Section II discusses the value added of human rights principles in the U.S. context, and identifies concrete ways to integrate core human rights principles into domestic policy.
Section III describes seminal international law cases related to gender-based violence.
Section IV concludes by offering several resources on human rights and gender-based violence, including U.S. government and NGO reports and recommendations related to eradicating gender-based violence, reviews of other countries’ approaches to these issues and a list of U.S.-based NGOs working on gender-based violence as a human rights issue.
The Appendix is a chart of the key provisions of international and regional human rights agreements that relate to gender-based violence.
This report, among the most extensive recent assessments of women’s status, looks at women’s progress in four continents and more than 45 countries. Women’s Lives and Challenges evaluates trends in women’s employment, domestic decision-making, exposure to violence, and access to education and health care.
International Justice Resource Center's publication, Advocacy before the Inter-American System: Manual for Attorneys and Advocates (2014) provides detailed information on the System, its components, complaints procedure, and decisions (also available in Spanish, Portuguese and Haitian Creole).
This practical guide to the conditions of admissibility of individual applications is to be seen in the same context. It is designed to present a clearer and more detailed picture of the conditions of admissibility with a view, firstly, to reducing as far as possible the number of applications which have no prospect of resulting in a ruling on the merits and, secondly, to ensuring that those applications which warrant examination on the merits pass the admissibility test. At present, in most cases which pass that test, the admissibility and merits are examined at the same time, which simplifies and speeds up the procedure.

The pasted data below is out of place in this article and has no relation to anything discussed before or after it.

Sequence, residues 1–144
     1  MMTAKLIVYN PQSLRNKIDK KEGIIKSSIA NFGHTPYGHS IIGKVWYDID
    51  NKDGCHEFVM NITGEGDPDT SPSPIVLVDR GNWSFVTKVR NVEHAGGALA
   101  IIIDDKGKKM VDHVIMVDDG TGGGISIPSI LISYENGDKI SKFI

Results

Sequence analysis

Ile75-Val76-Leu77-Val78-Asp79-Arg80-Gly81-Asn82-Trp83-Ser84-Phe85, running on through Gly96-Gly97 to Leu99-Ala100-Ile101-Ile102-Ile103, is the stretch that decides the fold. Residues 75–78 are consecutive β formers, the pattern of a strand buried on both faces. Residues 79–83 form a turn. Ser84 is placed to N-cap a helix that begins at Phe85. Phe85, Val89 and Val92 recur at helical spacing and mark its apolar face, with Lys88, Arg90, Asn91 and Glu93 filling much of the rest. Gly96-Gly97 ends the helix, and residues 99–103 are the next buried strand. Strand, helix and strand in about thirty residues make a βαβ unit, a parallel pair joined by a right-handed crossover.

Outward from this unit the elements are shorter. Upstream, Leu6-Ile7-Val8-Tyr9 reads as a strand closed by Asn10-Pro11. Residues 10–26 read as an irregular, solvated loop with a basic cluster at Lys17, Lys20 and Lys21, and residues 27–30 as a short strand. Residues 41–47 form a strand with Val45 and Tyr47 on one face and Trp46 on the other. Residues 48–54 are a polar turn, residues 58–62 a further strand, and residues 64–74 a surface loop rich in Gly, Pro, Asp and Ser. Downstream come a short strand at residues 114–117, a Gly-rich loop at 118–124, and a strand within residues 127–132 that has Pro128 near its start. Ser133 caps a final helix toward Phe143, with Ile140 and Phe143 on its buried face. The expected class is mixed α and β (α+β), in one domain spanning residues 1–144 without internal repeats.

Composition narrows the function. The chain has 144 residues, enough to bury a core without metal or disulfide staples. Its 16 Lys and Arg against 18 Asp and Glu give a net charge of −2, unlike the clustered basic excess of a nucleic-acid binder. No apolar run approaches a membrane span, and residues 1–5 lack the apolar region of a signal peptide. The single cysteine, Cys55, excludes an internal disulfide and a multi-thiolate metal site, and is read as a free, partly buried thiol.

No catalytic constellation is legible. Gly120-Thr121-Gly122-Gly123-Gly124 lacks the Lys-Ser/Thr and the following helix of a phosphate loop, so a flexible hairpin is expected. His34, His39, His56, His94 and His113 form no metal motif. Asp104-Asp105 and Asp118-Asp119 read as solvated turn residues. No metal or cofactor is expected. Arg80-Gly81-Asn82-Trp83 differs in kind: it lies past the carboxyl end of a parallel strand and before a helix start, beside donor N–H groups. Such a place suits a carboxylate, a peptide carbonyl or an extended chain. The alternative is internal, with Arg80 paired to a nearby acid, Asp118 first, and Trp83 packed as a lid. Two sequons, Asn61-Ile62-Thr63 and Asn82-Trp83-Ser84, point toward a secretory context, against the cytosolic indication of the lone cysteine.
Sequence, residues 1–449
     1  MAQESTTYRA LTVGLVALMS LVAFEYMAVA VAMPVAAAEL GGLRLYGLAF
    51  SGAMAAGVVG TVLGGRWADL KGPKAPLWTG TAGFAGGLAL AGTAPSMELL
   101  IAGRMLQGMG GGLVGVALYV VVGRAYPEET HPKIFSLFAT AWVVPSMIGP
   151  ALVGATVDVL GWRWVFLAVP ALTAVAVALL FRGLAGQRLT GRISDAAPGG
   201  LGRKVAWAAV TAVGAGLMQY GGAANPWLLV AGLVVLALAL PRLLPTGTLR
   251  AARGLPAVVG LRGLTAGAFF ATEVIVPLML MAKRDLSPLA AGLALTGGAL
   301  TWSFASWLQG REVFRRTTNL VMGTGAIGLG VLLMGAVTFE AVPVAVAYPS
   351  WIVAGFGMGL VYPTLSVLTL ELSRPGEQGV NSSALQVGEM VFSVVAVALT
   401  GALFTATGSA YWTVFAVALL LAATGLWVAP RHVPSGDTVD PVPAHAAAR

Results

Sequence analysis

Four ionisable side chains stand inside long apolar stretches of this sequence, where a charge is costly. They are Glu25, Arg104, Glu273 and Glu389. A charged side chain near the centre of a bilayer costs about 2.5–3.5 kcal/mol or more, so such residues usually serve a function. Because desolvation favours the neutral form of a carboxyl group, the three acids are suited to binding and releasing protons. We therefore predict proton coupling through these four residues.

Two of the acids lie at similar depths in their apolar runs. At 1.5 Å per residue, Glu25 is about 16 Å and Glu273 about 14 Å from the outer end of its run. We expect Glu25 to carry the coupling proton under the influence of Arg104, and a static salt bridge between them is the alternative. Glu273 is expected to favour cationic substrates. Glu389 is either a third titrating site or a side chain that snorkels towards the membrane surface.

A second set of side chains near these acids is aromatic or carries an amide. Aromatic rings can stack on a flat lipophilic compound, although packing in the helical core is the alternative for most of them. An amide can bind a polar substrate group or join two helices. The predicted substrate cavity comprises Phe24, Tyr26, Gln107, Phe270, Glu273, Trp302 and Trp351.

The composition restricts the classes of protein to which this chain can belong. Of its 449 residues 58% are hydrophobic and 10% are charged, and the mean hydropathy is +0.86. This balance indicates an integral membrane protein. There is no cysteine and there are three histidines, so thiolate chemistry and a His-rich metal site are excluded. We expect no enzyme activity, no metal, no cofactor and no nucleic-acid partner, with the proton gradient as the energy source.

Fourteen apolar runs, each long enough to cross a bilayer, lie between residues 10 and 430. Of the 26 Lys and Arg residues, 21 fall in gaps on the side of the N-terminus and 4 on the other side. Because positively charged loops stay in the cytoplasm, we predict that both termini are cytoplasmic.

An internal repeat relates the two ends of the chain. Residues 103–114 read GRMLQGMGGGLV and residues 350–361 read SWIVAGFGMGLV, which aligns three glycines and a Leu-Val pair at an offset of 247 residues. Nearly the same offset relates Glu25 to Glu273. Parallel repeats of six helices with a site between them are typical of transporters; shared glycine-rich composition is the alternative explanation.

This document is aimed principally at legal practitioners and in particular at lawyers who may be called upon to represent applicants before the Court. All the admissibility criteria set forth in Articles 34 (individual applications) and 35 (admissibility criteria) of the Convention have been examined in the light of the Court’s case- law. Naturally, some concepts, such as the six-month time-limit and, to a lesser extent, the exhaustion of domestic remedies, are more easily defined than others such as the concept of “manifestly ill-founded”, which can be broken down almost ad infinitum, or the Court’s jurisdiction ratione materiae or ratione personae. Furthermore, some Articles are relied on much more frequently than others by applicants, and some States have not ratified all the additional Protocols to the Convention, while others have issued reservations with regard to the scope of certain provisions. The rare instances of inter-State applications have not been taken into account as they call for a very different kind of approach. This guide does not therefore claim to be exhaustive and will concentrate on the most commonly occurring scenarios.
On best estimates, the number of girls in Australia being forced into marriage here or overseas is in the hundreds every year. Girls as young as 12 or 13 are disappearing from schoolyards, packed off to the countries of their parents’ birth to wed men they have never met, while others are taken from their homes in southern Asia and the Middle East and brought into Australia to marry.
The three-day Global Summit in June 2014 to End Sexual Violence in Conflict co-chaired by Angelina Jolie, offered visitors insight into the summit's message through cinema, art and photography in London.